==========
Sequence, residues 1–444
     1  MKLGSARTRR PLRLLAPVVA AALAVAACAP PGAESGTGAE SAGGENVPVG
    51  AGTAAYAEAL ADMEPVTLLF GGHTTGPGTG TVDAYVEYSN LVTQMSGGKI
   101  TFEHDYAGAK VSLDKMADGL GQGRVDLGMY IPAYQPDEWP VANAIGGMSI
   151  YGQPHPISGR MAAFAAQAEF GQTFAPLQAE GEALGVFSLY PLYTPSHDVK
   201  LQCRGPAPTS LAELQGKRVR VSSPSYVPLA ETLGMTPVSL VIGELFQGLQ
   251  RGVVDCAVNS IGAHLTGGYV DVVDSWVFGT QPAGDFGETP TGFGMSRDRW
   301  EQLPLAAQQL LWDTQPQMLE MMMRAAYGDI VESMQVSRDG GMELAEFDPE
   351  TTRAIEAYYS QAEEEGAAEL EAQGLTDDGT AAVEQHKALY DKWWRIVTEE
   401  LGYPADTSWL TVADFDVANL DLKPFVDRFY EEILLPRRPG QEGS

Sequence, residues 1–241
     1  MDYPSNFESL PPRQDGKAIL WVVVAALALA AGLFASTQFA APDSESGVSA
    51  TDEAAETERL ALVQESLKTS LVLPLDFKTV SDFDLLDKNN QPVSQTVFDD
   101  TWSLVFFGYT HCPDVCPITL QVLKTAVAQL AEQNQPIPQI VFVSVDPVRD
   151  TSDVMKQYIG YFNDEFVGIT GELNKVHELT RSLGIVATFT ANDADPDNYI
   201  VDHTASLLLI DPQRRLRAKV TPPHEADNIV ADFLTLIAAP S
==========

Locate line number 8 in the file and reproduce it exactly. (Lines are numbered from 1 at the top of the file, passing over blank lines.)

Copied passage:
   301  EQLPLAAQQL LWDTQPQMLE MMMRAAYGDI VESMQVSRDG GMELAEFDPE